|Modification 4: Power Options
Many users wish to power their practice beacons by something
other than the batteries provided by
note that doing so will void your warranty!
The original battery supplied by
Pointer is a "real" ELT
battery and will therefore have an expiration date. The
original battery is
Part Number 2020, and costs around $25 - $35 US. You
will find that this battery will generally last a long time.
Additionally, the supplied alkaline battery pack specifically
designed to endure short term extreme thermal variations and
mechanical shock. The bottom line is that it is a good
battery, but is expensive over the long haul. Since it is
usually much easier and cheaper to pick up batteries from your
local retailer, modifying your beacon to use a different power
source may be for you.
There are a great number of options available to power your
beacon. If you wish to have a new battery, another ELT
manufacturer makes batteries for
Pointer ELTs. The
Artex, Inc., and the part number is
A very good option is to use expired batteries for real ELTs.
ELT batteries must be periodically replaced by an aircraft
maintenance technician. If you ask around at your local airport's Fixed Base
Operator (FBO), the mechanics there may be willing to donate the
expired batteries that they remove from actual ELTs. Providing they are the same
type, they will work wonderfully in your Practice Beacon. It shouldn't
take too much convincing for the FBO since they would throw these
batteries away otherwise. In fact, they likely will not have any
lying around and will have to specifically save them for you.
Please note that if you are disposing of ELT batteries in bulk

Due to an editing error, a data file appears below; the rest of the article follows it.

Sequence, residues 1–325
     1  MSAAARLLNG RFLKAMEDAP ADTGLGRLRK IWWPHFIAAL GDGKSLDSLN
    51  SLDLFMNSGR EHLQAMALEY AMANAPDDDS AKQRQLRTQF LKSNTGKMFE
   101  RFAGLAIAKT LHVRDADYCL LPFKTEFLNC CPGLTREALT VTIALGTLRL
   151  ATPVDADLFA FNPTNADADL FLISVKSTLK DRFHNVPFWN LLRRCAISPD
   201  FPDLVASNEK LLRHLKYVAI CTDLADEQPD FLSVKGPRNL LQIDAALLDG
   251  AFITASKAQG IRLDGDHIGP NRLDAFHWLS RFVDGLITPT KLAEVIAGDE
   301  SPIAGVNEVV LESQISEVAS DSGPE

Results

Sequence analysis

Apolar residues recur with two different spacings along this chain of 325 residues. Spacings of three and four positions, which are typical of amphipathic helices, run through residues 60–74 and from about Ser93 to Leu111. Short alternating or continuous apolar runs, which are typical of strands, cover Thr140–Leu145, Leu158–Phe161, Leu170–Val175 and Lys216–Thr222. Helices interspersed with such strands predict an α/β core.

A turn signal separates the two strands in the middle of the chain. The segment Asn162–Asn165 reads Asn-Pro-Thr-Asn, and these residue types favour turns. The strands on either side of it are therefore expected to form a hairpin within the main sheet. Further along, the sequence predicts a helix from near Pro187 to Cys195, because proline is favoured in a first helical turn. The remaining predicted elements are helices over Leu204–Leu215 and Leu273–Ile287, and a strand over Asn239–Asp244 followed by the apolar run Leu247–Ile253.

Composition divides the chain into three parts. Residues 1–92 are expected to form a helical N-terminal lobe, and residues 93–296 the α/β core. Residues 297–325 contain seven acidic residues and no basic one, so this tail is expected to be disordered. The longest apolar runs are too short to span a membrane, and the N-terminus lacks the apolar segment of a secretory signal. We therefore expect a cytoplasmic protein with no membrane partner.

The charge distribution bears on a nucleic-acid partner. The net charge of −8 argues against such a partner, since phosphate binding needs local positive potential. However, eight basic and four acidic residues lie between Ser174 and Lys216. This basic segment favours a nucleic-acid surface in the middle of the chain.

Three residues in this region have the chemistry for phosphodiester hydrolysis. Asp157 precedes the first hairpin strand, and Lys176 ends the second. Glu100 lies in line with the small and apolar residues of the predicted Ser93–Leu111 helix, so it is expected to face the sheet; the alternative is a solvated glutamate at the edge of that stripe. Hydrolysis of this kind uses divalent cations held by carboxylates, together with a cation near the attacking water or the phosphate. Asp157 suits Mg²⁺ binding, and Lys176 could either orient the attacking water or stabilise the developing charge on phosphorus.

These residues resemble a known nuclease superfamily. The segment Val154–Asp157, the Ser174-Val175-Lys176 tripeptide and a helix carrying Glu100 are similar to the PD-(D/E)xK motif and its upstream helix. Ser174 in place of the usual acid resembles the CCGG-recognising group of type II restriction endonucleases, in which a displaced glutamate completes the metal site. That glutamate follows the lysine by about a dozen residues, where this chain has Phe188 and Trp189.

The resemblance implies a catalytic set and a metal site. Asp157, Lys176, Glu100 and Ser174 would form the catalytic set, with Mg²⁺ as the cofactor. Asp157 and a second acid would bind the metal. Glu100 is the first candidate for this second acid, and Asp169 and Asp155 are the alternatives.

that they are considered hazardous waste and need to
be disposed in an environmentally friendly way (by law).
you use the battery supplied by
Pointer or another ELT
battery, you will not be able to modify the power output of the
even talks about home-made battery packs and some of the options
you might want to consider on their
Pointer 6000 web
page. This short page also discusses the
frequency reassignment that was required more than a decade ago.
In summary, it states that in designing a power source you
should use 8 volts maximum. At 7.5 volts, the
nominal power output of the beacon will be 150 milliwatts.
The original batteries supplied by
Pointer test at 7.5
volts as well. You might wish to note that by
specification the power output of most ELTs is 100 milliwatts (TSO
C-91 and C-91a beacons ELTs), and 25 milliwatts for 406 MHz ELTs
(TSO 126). To simulate a beacon that is transmitting at
low power, Pointer
suggests using a 6 volt power supply. They further suggest
that you can shorten the telescopic antenna to simulate a broken
If you're still reading this and your eyes haven't glazed
over, you likely already know that a fresh AAA, AA, C, or D cell
alkaline battery supplies approximately 1.5 volts.
Therefore, for a 7.5 volt battery back you will want to use 5
batteries in series. For a 6 volt battery back you would
want to use 4 batteries. Rechargeable batteries (such as
Ni-Cads) typically output 1.2 volts apiece, so adjust your
planning accordingly (5 x 1.2 = 6.0, 6 x 1.2 =7.2). Of
course, D cells will last longer than the other types.
D cells may also be more likely to give sufficient voltage in
cold weather. D cells can be rapidly replaced, are readily
available just about anywhere (such as the gas station at
midnight), and are small enough that you should be able to fit a
spare set inside of an ammo can setup.
Begin by unscrewing the back panel. Use a
voltmeter to ensure the polarities between your battery pack and the original
battery match. If you improperly
connect the wires, you will damage the practice beacon. Of course, you should be
able to determine positive and negative terminals from the way the
original batteries are shaped. It is always better safe than sorry,
though, so run the voltmeter.
At this point you have several options. They are:
Option 1: Keeping the battery pack inside of the beacon
Using this option allows the most portability of the beacon.
Externally the beacon will be identical to a new beacon as
shipped from the factory. This will allow for the easiest
use as well. A battery holder for AA batteries will fit
inside the case. Unless you fabricate a battery pack as
shown below, that is just about the only option (excluding, of
course, the standard p/n 2020 battery from Pointer).
Option 2: Place the power source outside the beacon housing.
This is the most common option. You will need to solve
several problems for this to work well. First, you will